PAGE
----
Thursday, March 8, 2018

Study in Contrasts

Day 2 in the field, and it could not have been a better experience. 

We started the day off with going to a home for sick adults run by nuns. Not ever have gone to serve in a medical setting, this was something that I was really looking forward to being able to do. Upon arriving there, we were led up bright blue stairwells to where the women's ward was. Our goal for the morning was to pamper the women, making them feel relaxed and loved, even in the midst of their sickness. We were able to serve in the Tuberculosis ward, as well as a couple others with sick patients. The women absolutely loved being pampered, and were loving the nail polishes that we brought along, all requesting bright beautiful colors for their mani/pedis. In addition, a member of our group is a nurse, and was given the chance to administer IV's to some of the more dehydrated patients. It was amazing to get to see how much of an impact we could make, just based on a few hours. Upon leaving, one of the Sisters mentioned exactly how much they appreciated our presence there, and how they hoped we would return in the future, as there is truly a need for volunteers in Haiti, to serve those who are sick. This made me realize how important it is what we are doing, and further, made me that much more passionate to come back in the future.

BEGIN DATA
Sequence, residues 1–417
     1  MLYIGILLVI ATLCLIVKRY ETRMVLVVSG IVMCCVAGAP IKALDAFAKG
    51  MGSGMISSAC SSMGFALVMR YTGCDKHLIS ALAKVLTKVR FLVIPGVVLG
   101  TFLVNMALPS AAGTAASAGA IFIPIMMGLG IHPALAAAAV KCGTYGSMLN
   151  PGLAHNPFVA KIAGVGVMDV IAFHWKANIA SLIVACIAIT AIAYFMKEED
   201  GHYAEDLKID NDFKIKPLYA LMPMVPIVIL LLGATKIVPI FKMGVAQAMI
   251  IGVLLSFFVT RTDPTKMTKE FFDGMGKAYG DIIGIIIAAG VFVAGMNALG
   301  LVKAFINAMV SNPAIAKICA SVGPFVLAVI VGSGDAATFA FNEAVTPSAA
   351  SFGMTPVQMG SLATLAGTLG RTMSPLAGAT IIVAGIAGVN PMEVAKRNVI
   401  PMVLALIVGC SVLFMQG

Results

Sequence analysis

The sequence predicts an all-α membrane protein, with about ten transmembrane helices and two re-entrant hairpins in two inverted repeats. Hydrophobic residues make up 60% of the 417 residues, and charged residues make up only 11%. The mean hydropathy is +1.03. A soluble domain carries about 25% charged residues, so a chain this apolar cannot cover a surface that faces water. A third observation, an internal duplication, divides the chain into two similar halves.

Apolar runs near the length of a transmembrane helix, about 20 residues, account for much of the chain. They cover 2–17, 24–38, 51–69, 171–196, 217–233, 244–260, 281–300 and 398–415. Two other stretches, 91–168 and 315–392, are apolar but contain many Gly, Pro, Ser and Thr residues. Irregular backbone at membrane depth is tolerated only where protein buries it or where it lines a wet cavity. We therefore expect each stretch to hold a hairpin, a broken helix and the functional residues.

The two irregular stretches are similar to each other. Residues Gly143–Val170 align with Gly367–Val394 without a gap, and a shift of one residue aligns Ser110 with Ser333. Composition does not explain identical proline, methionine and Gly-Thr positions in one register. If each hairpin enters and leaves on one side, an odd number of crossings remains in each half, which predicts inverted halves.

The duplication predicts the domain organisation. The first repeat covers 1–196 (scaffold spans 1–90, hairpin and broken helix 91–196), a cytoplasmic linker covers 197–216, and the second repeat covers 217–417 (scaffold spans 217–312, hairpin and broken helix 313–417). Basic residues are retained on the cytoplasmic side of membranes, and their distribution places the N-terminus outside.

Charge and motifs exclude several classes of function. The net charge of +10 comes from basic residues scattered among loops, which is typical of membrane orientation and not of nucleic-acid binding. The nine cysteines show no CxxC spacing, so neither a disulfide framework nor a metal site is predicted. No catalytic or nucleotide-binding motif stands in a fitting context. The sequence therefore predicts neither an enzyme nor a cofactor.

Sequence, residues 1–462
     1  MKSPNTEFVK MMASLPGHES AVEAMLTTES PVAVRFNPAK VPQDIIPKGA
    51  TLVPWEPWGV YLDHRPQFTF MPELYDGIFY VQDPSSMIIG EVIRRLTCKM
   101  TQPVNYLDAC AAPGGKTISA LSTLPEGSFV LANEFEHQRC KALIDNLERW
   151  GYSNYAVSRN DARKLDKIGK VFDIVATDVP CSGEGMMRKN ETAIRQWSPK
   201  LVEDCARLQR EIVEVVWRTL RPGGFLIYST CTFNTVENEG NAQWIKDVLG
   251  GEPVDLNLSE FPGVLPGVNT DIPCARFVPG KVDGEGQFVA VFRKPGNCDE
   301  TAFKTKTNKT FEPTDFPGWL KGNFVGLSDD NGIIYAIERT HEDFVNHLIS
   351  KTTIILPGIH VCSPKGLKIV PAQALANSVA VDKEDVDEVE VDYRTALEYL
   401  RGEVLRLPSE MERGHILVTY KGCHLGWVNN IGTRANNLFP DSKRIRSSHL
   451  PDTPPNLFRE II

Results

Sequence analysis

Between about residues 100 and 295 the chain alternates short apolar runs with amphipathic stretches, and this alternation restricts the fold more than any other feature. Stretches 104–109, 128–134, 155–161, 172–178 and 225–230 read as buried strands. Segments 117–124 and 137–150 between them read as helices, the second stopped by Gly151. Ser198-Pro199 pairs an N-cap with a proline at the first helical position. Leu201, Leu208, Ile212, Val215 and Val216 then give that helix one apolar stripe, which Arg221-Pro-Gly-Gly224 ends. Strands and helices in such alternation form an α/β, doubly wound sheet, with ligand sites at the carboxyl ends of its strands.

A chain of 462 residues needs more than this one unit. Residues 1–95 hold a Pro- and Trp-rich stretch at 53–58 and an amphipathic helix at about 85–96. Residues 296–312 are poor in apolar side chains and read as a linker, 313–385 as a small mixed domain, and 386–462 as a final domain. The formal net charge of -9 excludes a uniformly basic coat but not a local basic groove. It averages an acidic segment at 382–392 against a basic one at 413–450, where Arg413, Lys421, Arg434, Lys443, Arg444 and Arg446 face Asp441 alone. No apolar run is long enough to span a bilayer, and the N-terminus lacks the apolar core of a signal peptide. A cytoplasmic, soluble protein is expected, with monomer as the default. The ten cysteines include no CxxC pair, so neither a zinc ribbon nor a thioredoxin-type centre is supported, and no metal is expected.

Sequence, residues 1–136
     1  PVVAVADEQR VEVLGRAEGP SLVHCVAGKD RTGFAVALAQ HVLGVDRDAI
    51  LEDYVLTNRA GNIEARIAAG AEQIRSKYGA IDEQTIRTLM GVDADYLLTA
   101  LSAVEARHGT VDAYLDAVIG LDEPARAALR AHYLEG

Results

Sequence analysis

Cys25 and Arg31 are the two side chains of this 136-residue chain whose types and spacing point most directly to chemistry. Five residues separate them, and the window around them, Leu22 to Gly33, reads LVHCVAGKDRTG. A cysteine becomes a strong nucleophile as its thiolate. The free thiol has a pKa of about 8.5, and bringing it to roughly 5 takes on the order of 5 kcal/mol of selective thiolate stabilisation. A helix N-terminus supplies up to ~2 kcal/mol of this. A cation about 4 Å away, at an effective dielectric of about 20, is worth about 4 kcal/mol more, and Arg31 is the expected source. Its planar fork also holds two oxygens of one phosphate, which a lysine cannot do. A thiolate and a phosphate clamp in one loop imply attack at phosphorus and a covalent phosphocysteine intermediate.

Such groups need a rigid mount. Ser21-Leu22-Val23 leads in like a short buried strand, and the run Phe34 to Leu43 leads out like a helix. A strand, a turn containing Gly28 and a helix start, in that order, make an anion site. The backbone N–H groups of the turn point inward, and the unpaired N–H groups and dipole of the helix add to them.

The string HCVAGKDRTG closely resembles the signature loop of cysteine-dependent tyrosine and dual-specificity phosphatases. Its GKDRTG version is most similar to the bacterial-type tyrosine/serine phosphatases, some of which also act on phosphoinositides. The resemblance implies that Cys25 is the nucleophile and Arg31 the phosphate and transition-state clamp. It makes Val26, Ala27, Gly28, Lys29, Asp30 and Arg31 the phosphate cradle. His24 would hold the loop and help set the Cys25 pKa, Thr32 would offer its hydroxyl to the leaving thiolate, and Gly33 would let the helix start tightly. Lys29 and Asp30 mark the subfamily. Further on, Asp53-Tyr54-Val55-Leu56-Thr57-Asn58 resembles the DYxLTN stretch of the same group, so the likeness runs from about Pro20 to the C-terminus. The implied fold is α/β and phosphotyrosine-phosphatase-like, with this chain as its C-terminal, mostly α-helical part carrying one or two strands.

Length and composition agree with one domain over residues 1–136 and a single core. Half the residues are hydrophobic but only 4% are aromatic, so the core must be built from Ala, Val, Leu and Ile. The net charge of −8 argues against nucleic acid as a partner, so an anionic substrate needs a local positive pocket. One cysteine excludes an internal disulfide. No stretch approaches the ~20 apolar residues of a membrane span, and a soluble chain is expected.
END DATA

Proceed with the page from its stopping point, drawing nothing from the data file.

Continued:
For the second part of our day, we got the chance to go to La Loo orphanage and spent a few hours with the kids. Upon walking in, they gathered in the middle of the room and sang to us, welcoming us with beautiful song. The age groups varied, ranging from babies, all the way up to kids around the age of 15. Personally, I got the chance to connect with some of the pre-teen/teenage girls. After talking with them for a while, I learned that several of them wanted to be doctors someday. However  the chances of them becoming one are slim, due to lack of any financial aid from the government. This made me realize something very important. Even amongst poverty and the lack of being with their biological parents, these kids are passionate and smart. The drive is completely there, however, what is missing is opportunities for them to get a higher education upon leaving the orphanage. To those who read this, I challenge you to research ways to invest in these kids futures. Whether that be through spreading education about their situations, lending financial support, or even coming here to Haiti to witness the spark and drive in these kids eyes. These kids want to be loved. They have been given every reason in life to give up, however, possess this natural passion for life, and aim to strive ahead. Their personalities were truly beautiful, and I feel blessed to have been able to take part in this day.